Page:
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A PEOPLE'S HISTORY OF THE SUPREME COURT by Peter Irons

A PEOPLE'S HISTORY OF THE SUPREME COURT

By Peter Irons

Pub Date: Aug. 1st, 1999
ISBN: 0-670-87006-4
Publisher: Viking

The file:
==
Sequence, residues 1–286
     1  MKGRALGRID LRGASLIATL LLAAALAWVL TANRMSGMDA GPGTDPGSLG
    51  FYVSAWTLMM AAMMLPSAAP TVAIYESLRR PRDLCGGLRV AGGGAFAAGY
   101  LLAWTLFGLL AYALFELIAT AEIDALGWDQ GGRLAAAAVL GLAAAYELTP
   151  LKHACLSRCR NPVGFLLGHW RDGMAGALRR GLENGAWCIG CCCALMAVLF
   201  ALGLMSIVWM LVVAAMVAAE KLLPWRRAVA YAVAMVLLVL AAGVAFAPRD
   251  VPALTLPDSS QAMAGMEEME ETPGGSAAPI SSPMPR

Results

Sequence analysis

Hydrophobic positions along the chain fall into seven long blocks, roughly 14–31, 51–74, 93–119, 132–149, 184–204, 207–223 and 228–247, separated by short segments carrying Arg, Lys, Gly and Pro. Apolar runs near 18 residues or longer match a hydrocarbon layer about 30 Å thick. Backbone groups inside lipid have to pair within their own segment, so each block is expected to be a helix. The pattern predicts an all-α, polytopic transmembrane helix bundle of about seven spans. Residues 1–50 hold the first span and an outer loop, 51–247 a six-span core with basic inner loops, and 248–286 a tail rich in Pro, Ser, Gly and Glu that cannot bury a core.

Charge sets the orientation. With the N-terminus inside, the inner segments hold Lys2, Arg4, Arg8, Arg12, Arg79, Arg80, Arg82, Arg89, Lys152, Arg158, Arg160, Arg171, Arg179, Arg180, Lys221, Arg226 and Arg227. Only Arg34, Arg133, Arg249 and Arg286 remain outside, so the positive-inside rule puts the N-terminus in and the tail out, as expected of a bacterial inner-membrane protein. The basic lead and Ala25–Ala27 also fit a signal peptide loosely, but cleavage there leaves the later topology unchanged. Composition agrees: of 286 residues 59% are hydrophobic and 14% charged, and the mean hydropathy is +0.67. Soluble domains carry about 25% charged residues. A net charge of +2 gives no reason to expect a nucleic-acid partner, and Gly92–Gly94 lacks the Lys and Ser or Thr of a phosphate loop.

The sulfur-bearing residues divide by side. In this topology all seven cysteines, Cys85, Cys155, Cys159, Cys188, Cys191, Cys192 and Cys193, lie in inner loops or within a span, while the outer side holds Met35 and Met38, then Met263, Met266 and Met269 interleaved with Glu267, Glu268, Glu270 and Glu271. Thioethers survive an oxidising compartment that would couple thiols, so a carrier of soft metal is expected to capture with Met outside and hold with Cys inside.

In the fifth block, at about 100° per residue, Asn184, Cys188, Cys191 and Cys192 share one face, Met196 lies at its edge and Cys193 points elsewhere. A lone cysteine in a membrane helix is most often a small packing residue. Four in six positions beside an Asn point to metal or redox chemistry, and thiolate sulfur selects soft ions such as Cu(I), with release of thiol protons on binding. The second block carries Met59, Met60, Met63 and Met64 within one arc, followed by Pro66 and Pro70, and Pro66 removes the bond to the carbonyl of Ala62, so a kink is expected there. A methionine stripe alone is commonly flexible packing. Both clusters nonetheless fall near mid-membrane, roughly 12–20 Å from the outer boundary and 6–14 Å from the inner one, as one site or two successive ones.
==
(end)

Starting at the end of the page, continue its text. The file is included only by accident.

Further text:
This sweeping history of the Supreme Court will thoroughly aggravate anyone who believes, along with Robert Bork or Justice Antonin Scalia that the Constitution should be read narrowly. Irons (Political Science/Univ. of California, San Diego; May It Please the Court: The First Amendment, 1997, etc.) makes no bones about his ideological stance. To him, the Constitution must be construed in the context of an evolving nation. Not surprisingly, former Justice William Brennan —remains my judicial ideal and inspiration.— Irons is at his best when he focuses on those litigants before the Court who were outsiders seeking empowerment: people like Fred Korematsu, who challenged the evacuation of Japanese-Americans during WWII, or Homer Plessy, who in 1892 had the audacity to ride in a Louisiana railroad car reserved for white passengers. The decision to explain the Supreme Court and its evolving doctrines through the stories of those whose cases generated rulings that subsequently affected every citizen makes the book accessible to nonlawyers who have a general interest in legal history. This may be why the chapters that trace the early years of the court make for slow going: the —little guy— litigants with whom Irons identifies are missing, and instead we are left slogging through rehashed material. Finally, while Irons is unabashed about his viewpoint, this candor does nothing to assure readers new to the subject that they are getting the whole, if partisan, story. Irons has a disquieting habit of using loaded adjectives and verbs when describing the thoughts of those justices with whom he disagrees. Thus, Felix Frankfurter —pontificates— and gives a —civics lecture— in an opinion that Irons views as wrongheaded, and he barely conceals his disdain for justices, like William Rehnquist and Clarence Thomas, on the other side of the ideological debate. Irons is preaching to the choir. While his history contains a few great stories, it will change no minds. (Book-of-the-Month Club selection)